Borrowing from  comes the 500th Boeing 787 entering the factory with its swagger. This 500th body is destine for Air France in the form of a 787-9. Having this segway for a good 787 read while going forward without pause, is my humble space offered to do so. Without further ado, here is the Herald Net offering for a reading assignment.

500th 787 at the back of the line depiction 
Image result for 500th 787

"...The airplane is in pieces, now, but it’s in the factory: the 500th Boeing 787.
Workers loaded the Air France 787-9 onto the Everett plant’s final assembly line earlier this month, putting the program on track to be the fastest to crank out 500 twin-aisle jetliners. Boeing’s plant here and in North Charleston, South Carolina, are steadily delivering Dreamliners — nearly 12 a month. And the 787s are making good on what matters most to airlines: the company’s big claims to make an airplane that slashes operating costs and opens new markets.
Boeing is working on further upgrades to the jetliner’s cabin, which has already set new standards for passenger comfort. No aerodynamic improvements are planned for now. However, Rolls-Royce’s improved Trent 1000 TEN engine is expected to be online in late 2017 — more than a year late — offering operators even better performance, said Bob Whittington, Boeing vice president and chief program engineer for the 787.

After the plane’s problem-plagued beginning, “the view is great” at 500, he said. It’s been five years today since Boeing delivered the first 787 to All Nippon Airways of Japan. The delivery was more than three years late. But the program’s early headaches — reliability issues, production backups, an emergency grounding due to smoking batteries, spiraling development and production costs — are almost distant memories now. “We’re out of the dark days,” he said. ‘Boeing magic’. The 787’s far-flung supply chain relied heavily on outsourcing to cut development time and costs. However, the aggressive strategy created logistical and financial migraines for the Dreamliner program. Boeing committed huge resources to solving the issues, including buying out its joint-venture partners in South Carolina. That opened the door for the company to put a second final assembly line there in 2011.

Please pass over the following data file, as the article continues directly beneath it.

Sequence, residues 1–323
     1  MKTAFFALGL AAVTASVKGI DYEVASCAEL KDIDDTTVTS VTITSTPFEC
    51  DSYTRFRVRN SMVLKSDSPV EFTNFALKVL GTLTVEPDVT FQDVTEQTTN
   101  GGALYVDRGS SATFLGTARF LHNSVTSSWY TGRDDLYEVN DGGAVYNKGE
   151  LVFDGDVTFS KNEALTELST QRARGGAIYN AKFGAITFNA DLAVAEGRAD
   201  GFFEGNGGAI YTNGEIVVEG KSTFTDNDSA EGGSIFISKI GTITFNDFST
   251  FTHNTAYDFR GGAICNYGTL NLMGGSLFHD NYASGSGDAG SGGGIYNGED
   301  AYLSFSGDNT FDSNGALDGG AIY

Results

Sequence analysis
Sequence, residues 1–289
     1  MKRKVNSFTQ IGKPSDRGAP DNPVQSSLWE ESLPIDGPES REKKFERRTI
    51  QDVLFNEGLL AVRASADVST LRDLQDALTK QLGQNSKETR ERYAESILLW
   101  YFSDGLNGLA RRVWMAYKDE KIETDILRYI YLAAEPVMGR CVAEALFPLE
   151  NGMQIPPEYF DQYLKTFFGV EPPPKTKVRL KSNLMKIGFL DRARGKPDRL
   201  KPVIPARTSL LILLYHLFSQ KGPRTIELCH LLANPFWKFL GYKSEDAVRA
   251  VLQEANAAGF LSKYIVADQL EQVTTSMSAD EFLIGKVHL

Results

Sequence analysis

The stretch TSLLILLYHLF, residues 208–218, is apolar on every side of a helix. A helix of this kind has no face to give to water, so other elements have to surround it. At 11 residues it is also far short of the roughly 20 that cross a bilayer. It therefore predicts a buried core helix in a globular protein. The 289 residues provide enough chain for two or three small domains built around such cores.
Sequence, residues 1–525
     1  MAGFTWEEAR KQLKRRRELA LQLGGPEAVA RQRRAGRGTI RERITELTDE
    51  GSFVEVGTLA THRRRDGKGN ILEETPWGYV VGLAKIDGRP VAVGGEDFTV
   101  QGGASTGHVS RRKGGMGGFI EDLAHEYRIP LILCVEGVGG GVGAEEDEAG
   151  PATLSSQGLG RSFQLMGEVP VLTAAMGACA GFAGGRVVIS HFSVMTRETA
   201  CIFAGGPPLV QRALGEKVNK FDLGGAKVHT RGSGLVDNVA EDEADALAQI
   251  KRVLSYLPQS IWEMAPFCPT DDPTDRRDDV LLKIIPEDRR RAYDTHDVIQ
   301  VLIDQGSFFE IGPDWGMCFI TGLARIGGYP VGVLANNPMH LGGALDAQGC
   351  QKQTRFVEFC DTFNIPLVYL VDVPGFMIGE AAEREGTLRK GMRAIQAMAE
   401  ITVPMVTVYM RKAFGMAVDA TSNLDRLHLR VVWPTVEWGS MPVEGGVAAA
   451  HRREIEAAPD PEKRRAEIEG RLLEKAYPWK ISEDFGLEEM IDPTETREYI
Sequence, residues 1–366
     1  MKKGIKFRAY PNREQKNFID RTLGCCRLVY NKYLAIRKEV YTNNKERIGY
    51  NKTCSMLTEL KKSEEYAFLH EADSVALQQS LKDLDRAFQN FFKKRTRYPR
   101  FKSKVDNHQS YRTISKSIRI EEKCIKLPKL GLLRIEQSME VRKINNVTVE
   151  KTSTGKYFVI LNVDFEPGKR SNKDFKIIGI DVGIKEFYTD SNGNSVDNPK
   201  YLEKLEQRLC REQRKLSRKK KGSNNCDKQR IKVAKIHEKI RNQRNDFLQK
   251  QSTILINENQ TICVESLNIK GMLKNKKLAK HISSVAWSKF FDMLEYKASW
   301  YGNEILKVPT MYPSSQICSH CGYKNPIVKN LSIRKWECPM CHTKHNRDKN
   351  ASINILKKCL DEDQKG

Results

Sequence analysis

Boeing matched its desire to drastically reshape how modern jetliners come together with its ambition to make the most advanced passenger plane. The 787 is the first jetliner with an all-composite material body, whereas conventional airplane bodies rely on aluminum alloys. The plane would be just as strong as an aluminum one, yet much lighter. That, along with improved aerodynamics, more sophisticated software, powerful new engines and other innovations, would make the plane much more efficient than ones of similar size and range, Boeing promised.

But early 787s rolled out overweight and customers were underwhelmed. Several airlines refused to take delivery of the earliest Dreamliners, which started stacking up around Paine Field.

Boeing poured money and people on the problems, and steadily worked through them.

“I call it the ‘Boeing Magic’ — how people come together and take on problems and come up with solutions,” said Michael Griego, a senior manager for the 787 supply chain. “It was amazing to see” on the Dreamliner.

During those early days, Griego spent long hours walking the production line with engineers and mechanics addressing problem parts — what went wrong, where did it occur, and how best to fix it now and stop it from happening again? “It was intense” work — and important, too, she said. 

“Those were good days.”

“When I remember the early days and how hard we struggled, I almost can’t believe where we are now,” Griego said.
 Almost there in 2012, Boeing delivered 46 787s, its first full production year. It delivered three times that many last year, and is on pace to do so again this year. The current production rate is 12 airplanes a month. Actual deliveries are slightly fewer.

The company plans to turn out 14 Dreamliners a month by the end of the decade, and the program is already gearing up for the increase, although a Boeing exec said last month that there might not be orders to support that pace.

“We’re not quite a turnkey operation, but we’re almost there,” Griego said.

The company continues to smooth out production. The 787’s use of automated machines required for making its composite material airframe has flattened the production learning curve. That helped the program rapidly increase production. But the cost of making an airplane has not fallen at a similar pace.